Vladimir_Nesov reverted this back to the original with the comment, "that you can't get there by luck is a conclusion down the road, not definition." Consider an AI whose first action is to flip a fair coin and then destroy humanity if the coin lands heads, or solve an outstanding mathematical conjecture if tails. After either destroying humanity or solving a conjecture, it destroys itself. Under Vladimir's favored definition, if the coin lands tails, it is an FAI, and if it lands heads, well, it's not an FAI and we no longer exist. Am I the only one who thinks this is silly, and that if such a thing is considered a FAI even though it was just as likely to destroy us, there is no point in even using the term? --Anonym 03:18, 8 May 2010 (UTC)

AI-after-it-decided-to-do-good is good, AI-after-it-decided-to-do-evil is bad, and AI-before-it-flipped-the-coin, as in your description, is on the net bad. You judge a system as whole, based on what you expect from it, not in retrospect, based on what actually did happen. What will actually happen is not a property of our system, and so can't be used to categorize it as "Friendly" or not. (Of course, "solving a mathematical conjecture" is nowhere near an optimal thing according to human values to do with the world, so shouldn't be seen as Friendly, and "positive effect on humanity" is a simplification.) --Vladimir Nesov 14:20, 8 May 2010 (UTC)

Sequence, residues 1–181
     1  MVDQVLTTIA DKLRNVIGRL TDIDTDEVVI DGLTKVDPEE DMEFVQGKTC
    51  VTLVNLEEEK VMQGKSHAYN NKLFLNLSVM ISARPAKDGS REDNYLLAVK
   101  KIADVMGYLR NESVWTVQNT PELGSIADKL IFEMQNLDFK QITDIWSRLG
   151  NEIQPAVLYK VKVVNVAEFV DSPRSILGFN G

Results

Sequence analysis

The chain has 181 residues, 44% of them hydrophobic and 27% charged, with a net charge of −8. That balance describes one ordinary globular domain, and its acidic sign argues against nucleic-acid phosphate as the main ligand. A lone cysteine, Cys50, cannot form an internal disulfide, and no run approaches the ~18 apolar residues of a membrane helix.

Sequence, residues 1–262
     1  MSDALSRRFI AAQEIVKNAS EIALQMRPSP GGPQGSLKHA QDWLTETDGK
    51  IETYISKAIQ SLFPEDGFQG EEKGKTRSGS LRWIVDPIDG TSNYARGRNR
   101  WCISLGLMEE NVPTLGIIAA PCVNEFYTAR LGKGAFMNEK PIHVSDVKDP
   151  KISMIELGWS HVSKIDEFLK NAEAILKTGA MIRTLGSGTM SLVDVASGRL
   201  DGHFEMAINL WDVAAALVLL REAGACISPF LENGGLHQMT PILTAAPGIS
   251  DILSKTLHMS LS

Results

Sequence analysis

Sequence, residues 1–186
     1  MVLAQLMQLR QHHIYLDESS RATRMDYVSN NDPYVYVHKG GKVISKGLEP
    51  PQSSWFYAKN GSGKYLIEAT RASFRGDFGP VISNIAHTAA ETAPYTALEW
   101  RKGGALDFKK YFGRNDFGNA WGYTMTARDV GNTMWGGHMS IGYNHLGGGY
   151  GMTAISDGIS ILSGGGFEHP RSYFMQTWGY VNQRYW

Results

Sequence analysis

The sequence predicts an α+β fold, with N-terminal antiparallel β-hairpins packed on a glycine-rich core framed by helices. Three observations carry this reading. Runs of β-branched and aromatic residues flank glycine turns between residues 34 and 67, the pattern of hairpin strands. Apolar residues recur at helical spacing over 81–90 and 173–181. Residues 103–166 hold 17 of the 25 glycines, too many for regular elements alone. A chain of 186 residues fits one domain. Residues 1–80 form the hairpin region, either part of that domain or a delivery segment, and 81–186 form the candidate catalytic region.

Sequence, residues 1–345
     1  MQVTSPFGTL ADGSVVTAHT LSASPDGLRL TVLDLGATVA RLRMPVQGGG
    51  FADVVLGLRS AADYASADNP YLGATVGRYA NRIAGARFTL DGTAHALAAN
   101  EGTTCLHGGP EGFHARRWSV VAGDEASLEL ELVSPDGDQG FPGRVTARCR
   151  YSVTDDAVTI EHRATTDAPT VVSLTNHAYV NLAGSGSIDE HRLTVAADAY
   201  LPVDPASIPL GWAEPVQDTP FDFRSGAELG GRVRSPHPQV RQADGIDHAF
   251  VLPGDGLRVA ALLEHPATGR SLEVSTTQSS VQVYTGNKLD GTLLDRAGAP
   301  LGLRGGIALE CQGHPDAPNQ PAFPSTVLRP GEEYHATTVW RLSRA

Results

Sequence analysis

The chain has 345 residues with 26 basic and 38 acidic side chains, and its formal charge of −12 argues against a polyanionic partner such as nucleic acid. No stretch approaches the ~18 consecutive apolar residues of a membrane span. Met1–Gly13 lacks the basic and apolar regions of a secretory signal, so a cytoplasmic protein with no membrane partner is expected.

You make my point for me. I said that it's not just the effect that determines whether it's an FAI or an uFAI. I said that we have to take into account the probability of future harm or benefit based on what know of the system, and you state basically the same thing when you say "You judge a system as whole, based on what you expect from it, not in retrospect, based on what actually did happen". If we judge based on what we expect, then we certainly do not just consider "having a positive rather than negative effect", which is my point entirely. --Anonym 03:29, 14 May 2010 (UTC)
As I said, simplification. It's the same issue as with "rationalists win". If you know of a way to improve the wording, go ahead, but if it makes the point harder to get across, the current version would be preferable. --Vladimir Nesov 11:12, 14 May 2010 (UTC)